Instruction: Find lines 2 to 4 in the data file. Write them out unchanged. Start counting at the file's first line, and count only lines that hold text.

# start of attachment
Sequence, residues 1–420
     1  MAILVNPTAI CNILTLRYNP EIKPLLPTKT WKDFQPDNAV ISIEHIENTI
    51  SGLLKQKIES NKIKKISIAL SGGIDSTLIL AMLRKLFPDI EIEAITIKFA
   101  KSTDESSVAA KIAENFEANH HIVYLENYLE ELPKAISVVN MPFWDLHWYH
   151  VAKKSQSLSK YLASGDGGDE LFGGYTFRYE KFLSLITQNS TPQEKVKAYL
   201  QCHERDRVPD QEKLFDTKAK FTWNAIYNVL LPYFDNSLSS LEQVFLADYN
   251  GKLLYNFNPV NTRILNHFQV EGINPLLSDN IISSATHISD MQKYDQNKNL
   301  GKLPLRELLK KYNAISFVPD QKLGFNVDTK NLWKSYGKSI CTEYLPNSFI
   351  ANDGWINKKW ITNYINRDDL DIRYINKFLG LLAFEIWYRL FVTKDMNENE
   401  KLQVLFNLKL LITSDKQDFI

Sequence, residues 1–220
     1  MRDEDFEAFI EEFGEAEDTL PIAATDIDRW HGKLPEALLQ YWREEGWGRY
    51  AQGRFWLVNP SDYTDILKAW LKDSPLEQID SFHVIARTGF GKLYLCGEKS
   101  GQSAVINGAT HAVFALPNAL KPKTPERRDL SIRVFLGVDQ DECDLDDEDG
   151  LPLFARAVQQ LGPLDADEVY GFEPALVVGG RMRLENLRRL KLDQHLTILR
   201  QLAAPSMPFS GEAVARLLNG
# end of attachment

     1  MAILVNPTAI CNILTLRYNP EIKPLLPTKT WKDFQPDNAV ISIEHIENTI
    51  SGLLKQKIES NKIKKISIAL SGGIDSTLIL AMLRKLFPDI EIEAITIKFA
   101  KSTDESSVAA KIAENFEANH HIVYLENYLE ELPKAISVVN MPFWDLHWYH